Fractals — endlessly repeating patterns that are self-similar at different scales and are found throughout nature (see: seashells, trees, leaves, and the Romanesco broccoli above) — also frequently appear in design in Africa, from fabric to buildings to entire villages, as Rensselaer Science and Technology Studies professor Ron Eglash explained in his fascinating 2007 TED Global talk.
As a fractal pattern repeats and grows and repeats and grows, so too does the knowledge Eglash gained while studying fractals in Africa. He shared that knowledge in a book, African Fractals, and the TED talk and it sparked the imagination of Spanish architect Xavier Vilalta, who then shared what he learned in another TED talk.
A post on the TED blog explains that Vilalta first encountered Eglash’s work while researching African design and architecture when he was tasked with designing the Melaku Center, a first-of-its-kind vocational school in Ethiopia.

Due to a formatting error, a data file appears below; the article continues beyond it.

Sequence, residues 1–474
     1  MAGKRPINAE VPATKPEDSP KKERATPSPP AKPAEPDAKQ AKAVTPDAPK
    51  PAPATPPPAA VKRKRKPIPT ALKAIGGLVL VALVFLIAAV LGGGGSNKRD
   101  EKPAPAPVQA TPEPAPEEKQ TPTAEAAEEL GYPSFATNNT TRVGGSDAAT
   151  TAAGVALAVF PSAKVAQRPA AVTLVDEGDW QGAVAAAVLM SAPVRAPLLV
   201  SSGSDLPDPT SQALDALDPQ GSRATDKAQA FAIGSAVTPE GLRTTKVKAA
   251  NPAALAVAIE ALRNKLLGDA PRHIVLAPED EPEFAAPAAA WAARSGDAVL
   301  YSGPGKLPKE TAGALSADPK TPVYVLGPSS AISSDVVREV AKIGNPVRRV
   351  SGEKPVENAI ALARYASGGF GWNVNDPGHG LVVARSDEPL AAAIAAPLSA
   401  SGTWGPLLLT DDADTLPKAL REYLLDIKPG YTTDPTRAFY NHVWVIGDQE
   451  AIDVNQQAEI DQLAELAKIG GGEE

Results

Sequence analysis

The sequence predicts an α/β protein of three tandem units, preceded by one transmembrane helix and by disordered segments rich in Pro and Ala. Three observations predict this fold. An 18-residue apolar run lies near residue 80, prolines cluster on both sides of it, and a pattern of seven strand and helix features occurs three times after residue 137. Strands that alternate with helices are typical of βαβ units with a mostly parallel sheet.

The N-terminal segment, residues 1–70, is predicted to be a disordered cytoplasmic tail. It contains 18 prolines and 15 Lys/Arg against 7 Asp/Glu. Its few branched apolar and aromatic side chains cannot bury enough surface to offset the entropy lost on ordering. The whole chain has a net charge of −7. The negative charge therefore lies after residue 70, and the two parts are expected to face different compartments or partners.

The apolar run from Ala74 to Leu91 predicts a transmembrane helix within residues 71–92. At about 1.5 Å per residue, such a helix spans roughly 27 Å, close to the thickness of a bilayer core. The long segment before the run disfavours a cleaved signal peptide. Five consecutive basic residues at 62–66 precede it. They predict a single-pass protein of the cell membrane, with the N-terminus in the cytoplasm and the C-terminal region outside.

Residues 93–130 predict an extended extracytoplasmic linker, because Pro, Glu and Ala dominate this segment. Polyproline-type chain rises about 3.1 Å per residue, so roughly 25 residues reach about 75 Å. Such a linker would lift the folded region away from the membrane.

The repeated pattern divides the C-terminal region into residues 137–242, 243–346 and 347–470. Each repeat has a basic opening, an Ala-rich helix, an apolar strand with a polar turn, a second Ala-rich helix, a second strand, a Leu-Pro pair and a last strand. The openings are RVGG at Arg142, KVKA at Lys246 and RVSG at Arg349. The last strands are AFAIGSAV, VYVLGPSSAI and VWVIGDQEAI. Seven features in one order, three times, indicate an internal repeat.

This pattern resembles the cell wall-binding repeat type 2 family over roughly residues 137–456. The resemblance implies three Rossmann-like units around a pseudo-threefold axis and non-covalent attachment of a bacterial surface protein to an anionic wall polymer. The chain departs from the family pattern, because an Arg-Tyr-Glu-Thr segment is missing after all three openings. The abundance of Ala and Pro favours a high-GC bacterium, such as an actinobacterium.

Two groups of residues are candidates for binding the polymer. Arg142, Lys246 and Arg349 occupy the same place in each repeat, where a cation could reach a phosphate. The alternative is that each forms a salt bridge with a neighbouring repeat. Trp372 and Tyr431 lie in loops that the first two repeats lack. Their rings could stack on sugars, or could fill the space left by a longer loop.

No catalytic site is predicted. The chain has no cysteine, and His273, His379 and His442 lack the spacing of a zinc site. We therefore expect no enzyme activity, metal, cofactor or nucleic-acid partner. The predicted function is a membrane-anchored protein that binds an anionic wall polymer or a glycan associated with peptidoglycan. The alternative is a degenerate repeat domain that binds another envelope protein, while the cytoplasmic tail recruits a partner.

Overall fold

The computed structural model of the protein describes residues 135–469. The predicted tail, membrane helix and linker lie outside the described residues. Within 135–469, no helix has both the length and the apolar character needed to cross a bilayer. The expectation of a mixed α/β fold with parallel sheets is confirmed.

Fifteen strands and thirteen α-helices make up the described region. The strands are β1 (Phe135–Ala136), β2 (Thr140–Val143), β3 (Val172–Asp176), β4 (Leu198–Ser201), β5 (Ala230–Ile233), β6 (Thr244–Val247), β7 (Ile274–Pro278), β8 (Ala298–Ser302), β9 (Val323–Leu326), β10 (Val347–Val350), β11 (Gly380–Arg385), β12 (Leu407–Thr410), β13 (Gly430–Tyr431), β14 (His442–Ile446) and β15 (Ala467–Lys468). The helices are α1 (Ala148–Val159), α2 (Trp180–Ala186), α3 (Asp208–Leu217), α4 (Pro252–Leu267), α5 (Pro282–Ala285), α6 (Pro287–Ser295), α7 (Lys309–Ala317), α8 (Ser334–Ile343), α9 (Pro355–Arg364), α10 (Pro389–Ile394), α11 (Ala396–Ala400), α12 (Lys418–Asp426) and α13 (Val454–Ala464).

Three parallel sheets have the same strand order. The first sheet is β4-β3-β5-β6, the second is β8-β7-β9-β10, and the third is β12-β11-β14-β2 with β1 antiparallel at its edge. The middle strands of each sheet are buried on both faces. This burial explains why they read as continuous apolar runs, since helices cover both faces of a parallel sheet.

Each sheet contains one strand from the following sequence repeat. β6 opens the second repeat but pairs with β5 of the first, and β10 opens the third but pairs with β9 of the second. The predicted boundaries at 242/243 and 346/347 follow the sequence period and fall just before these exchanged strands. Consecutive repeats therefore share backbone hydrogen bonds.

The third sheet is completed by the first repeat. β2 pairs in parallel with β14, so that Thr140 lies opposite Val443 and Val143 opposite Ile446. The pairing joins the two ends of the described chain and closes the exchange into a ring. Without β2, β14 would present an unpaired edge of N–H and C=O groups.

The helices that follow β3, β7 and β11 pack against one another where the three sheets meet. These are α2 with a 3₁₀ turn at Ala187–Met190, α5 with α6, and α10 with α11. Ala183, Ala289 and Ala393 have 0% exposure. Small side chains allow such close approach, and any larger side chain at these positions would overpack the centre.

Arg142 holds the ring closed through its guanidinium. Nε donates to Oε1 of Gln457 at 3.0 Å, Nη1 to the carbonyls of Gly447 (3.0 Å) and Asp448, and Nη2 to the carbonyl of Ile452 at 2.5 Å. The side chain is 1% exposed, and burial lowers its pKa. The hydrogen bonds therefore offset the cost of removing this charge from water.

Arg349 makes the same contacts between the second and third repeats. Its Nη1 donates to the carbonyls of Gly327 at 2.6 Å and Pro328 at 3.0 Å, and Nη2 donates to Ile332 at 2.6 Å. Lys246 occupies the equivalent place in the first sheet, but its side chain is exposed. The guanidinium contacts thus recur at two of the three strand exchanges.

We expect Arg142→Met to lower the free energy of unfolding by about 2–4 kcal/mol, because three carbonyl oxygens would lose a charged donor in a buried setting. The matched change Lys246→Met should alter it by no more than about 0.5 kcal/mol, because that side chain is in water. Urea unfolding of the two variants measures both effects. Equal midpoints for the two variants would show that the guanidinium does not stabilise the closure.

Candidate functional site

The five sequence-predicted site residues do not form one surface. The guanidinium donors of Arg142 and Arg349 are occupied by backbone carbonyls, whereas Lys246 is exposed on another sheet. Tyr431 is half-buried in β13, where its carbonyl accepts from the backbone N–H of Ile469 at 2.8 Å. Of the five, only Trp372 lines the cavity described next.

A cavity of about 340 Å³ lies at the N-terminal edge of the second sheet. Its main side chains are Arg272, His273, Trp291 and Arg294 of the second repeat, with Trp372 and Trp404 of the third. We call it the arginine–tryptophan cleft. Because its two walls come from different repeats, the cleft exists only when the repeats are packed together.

Drawing inspiration from Eglash’s book and TED talk, Vilalta designed the school’s campus — which includes a variety of buildings — on a fractal-based hexagonal grid.
After that project, he began to correspond with Eglash and their friendship continues today.
In Vilalta’s recent TEDx talk (it’s in Spanish, but you can use YouTube’s transcript feature for subtitles), he described the fractal-based designs he used when designing the Melaku Center.
Recently he used fractal-based design again when designing a shopping mall in Addis Ababa, Ethiopia. The fractal-inspired design Vilalta created for Lideta Mercato features a facade made of concrete blocks with square holes in them that do double duty allowing cross-ventilation while also creating a pattern reminiscent of the textiles used to make women’s dresses.
And then, read this interview with Vilalta that appeared in The Reporter Ethiopia last January in which he discussed the facade design and the way it echoes fabric. He also gives great insight into architecture and design in Africa.